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Setting The Stage Locally For A New, Broader "Assault Weapons" Ban Nationwide

Friday, April 4, 2008

 If you don’t live in a state that has an “assault weapon” ban, that issue might be off your radar screen these days. After all, the federal ban--on standard-capacity magazines and semi-automatics with a certain combination of cosmetic features--has been defunct for nearly four years. 

But anti-gun politicians and news media at the state level are ginning up for a 2009 campaign to enact a ban like that proposed by Rep. Carolyn McCarthy (D-N.Y.), because they know that both of the front-runners for the Democrat Party presidential nomination would sign such a ban into law in a New York minute. 

Knowing that the political landscape could be decisively different in 2009, anti-gun politicians and news media are currently trying to resurrect the “assault weapon” issue at the state level, to place it back on the political front burner.

First, newspapers began clamoring for a ban in Florida. Now, the Associated Press (AP) is trying to bolster support for a ban introduced in Louisiana, alleging an increase in crimes with AK-47-type rifles, based entirely upon BATFE firearm tracing data--even though the Congressional Research Service has repeatedly said traces cannot be used to determine how often any type of gun is used in crime. For some reason, AP also devoted attention to the fact that fully-automatic AKs are used by combatants in Iraq and Afghanistan, even though that is irrelevant to semi-automatic AKs branded with the phony "assault weapon" name.  AP also claimed that AKs fire high-velocity ammunition, even though 7.62x39 is almost the lowest velocity .30 caliber rifle round in existence, similar to, but less powerful than, the modestly powered .30-30 Winchester, the most popular deer rifle in U.S. history.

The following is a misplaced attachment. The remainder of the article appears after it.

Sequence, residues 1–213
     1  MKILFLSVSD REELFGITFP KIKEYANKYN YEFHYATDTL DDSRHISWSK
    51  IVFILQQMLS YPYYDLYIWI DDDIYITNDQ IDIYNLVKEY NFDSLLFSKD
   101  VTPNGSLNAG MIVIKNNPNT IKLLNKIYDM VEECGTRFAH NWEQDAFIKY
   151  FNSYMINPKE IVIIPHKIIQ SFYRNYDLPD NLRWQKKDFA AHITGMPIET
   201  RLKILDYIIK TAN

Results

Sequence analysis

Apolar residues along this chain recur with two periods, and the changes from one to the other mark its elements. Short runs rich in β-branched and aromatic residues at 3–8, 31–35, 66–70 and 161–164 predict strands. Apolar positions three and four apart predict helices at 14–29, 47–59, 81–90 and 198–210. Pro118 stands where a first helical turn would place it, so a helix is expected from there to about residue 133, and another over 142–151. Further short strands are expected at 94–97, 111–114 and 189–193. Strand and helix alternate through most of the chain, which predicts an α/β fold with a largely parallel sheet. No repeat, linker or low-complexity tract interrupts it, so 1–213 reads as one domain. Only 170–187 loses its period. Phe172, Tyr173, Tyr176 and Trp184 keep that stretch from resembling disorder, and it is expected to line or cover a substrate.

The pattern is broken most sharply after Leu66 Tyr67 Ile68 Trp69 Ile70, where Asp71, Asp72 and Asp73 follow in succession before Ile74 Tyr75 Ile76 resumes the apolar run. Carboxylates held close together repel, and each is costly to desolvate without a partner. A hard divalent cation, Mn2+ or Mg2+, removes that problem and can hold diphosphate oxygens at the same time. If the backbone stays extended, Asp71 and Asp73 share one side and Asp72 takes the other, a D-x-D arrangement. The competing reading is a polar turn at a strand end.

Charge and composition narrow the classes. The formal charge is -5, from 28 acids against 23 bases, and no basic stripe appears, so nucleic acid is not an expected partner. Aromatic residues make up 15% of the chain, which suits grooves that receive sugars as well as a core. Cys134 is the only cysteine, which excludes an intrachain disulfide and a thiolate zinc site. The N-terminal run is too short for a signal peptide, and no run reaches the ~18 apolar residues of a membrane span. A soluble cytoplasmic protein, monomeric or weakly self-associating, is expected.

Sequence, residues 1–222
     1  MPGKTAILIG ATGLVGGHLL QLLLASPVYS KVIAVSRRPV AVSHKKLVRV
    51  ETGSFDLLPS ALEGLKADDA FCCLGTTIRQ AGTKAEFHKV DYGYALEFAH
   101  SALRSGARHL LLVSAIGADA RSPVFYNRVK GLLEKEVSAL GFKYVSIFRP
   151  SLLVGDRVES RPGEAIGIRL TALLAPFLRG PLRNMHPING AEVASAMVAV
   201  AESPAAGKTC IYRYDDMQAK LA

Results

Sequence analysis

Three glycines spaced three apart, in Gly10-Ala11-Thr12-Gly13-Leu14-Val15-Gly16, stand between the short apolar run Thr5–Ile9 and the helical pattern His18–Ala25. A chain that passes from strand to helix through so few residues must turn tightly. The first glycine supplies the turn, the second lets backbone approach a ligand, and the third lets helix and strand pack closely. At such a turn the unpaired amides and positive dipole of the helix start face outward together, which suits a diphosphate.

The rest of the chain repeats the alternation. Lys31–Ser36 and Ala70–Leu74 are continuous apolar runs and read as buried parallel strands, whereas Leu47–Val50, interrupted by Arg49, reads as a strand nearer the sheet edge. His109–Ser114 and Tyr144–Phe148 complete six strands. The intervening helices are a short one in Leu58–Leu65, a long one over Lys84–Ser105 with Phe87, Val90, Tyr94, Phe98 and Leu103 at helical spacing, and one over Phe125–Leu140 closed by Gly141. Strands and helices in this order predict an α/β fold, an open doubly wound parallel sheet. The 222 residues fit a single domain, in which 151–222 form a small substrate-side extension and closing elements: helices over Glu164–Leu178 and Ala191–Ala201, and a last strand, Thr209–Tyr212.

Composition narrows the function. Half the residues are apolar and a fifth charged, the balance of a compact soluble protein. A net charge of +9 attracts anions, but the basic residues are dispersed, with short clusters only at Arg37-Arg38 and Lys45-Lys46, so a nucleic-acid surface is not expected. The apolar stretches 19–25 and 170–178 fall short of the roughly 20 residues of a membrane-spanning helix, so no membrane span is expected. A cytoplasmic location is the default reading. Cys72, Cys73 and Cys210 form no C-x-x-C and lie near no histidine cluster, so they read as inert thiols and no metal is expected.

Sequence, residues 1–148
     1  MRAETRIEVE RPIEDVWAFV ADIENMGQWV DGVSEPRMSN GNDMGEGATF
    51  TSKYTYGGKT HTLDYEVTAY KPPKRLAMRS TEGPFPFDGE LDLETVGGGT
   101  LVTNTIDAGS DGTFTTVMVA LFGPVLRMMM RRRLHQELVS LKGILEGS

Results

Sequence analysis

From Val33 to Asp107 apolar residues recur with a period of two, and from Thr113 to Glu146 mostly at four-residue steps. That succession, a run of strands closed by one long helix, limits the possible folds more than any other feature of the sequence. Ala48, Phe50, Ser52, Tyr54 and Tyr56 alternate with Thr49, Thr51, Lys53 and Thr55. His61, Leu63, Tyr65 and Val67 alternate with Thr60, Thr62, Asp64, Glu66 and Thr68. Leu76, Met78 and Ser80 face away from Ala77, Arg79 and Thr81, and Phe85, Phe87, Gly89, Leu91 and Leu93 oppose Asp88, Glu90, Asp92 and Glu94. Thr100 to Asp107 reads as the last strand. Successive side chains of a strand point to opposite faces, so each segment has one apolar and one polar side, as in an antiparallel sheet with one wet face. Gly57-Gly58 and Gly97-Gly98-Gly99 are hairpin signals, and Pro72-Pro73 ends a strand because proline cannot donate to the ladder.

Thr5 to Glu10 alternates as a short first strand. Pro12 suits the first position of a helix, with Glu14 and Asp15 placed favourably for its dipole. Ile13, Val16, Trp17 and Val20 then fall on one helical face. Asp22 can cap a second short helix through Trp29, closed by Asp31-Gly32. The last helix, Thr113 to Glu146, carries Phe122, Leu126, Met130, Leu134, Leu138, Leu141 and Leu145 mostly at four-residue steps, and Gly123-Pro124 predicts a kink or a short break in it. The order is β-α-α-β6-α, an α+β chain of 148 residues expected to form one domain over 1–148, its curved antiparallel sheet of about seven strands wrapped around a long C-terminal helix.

Needless to say, even though the "assault weapon" issue is more than 20 years old, reporters still are not getting it right, either because they are biased or because they are too lazy to research the subject. NRA members can help set the record straight by sending letters to the editors of their local newspapers.  For information on writing letters to your local newspaper, please click here.

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Established in 1975, the Institute for Legislative Action (ILA) is the "lobbying" arm of the National Rifle Association of America. ILA is responsible for preserving the right of all law-abiding individuals in the legislative, political, and legal arenas, to purchase, possess and use firearms for legitimate purposes as guaranteed by the Second Amendment to the U.S. Constitution.